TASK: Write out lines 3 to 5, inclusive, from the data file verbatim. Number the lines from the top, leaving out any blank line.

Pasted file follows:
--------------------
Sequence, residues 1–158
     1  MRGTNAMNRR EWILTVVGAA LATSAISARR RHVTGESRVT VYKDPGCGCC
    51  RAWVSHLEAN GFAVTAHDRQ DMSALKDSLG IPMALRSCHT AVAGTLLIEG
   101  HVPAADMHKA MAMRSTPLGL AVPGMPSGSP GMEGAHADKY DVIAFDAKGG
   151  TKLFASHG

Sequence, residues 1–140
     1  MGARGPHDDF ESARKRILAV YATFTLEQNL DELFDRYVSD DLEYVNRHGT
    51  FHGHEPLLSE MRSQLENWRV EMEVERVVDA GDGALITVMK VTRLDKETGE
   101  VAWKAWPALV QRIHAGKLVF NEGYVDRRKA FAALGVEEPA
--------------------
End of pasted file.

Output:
    51  RAWVSHLEAN GFAVTAHDRQ DMSALKDSLG IPMALRSCHT AVAGTLLIEG
   101  HVPAADMHKA MAMRSTPLGL AVPGMPSGSP GMEGAHADKY DVIAFDAKGG
   151  TKLFASHG